Seven million people live and work in areas of the central and eastern United States U.S. (CEUS) with potential for damaging man-made earthquakes, according to a new report from the U.S. Geological Survey (USGS).
In a few parts of this region, the chance of damage from all types of earthquakes is similar to that of natural earthquakes in high-hazard areas of California, the agency said.
For the first time, new USGS maps have identified potential ground-shaking hazards from both human-induced and natural earthquakes. In the past, USGS maps only identified natural earthquake hazards.
The report also provides a one-year outlook for the nation’s earthquake hazards.
“By including human-induced events, our assessment of earthquake hazards has significantly increased in parts of the U.S.,” said Mark Petersen, chief of the USGS National Seismic Hazard Mapping Project. “This research also shows that much more of the nation faces a significant chance of having damaging earthquakes over the next year, whether natural or human-induced.”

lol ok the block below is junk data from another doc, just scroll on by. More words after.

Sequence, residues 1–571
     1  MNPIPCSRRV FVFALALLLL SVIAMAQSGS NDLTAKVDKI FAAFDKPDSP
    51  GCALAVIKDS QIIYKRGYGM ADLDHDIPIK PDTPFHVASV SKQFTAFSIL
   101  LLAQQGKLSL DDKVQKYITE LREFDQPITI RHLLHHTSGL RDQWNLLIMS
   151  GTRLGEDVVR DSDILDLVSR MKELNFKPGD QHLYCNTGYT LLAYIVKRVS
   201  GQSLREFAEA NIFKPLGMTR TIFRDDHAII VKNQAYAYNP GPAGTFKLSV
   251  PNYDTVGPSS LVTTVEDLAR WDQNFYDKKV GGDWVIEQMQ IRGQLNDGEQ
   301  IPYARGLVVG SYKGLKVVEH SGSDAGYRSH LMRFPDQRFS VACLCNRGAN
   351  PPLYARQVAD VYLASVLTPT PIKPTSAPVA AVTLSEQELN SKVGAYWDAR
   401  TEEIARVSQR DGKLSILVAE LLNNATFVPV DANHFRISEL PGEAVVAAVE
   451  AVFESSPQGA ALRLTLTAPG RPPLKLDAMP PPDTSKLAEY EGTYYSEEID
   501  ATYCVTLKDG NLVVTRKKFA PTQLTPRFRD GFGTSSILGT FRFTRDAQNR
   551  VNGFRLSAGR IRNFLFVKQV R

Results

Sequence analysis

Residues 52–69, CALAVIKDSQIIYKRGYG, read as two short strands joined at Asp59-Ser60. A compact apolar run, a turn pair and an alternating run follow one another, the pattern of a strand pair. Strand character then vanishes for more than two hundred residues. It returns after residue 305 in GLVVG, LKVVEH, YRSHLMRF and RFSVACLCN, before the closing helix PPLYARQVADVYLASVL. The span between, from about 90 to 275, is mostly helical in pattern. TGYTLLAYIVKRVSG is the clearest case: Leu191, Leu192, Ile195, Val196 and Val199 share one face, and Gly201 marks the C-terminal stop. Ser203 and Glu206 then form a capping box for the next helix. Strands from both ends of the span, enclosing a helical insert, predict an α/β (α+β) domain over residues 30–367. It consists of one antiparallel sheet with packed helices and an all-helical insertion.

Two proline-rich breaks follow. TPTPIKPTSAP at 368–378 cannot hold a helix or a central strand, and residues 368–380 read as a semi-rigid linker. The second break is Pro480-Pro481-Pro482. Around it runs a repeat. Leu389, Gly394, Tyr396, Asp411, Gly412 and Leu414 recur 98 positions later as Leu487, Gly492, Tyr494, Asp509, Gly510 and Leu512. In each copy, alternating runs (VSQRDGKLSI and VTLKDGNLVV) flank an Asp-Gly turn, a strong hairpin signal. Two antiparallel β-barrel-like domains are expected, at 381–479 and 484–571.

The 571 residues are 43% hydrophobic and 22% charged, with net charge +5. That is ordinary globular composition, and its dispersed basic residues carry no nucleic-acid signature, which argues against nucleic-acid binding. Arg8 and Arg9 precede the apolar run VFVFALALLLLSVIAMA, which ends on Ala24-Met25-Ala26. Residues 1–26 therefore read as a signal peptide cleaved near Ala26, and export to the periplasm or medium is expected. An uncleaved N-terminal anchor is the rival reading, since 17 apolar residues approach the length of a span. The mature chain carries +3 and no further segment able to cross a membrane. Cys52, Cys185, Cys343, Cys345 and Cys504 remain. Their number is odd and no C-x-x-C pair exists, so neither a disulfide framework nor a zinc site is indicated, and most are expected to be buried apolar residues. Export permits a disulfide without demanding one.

Oklahoma, Kansas, Texas, Colorado, New Mexico and Arkansas are the six states with the highest risk of induced seismicity. Of these, Oklahoma and Texas have the largest populations exposed to induced earthquakes.
“In the past five years, the USGS has documented high shaking and damage in areas of these six states, mostly from induced earthquakes,” Petersen said.
Induced earthquakes are those triggered by human activities such as injecting oil and gas wastewater into deep underground wells. Wastewater disposal is the primary cause of recent seismic events in many areas of the CEUS, the report said.
Many states are now regulating wastewater injection in an effort to limit the risk of earthquakes.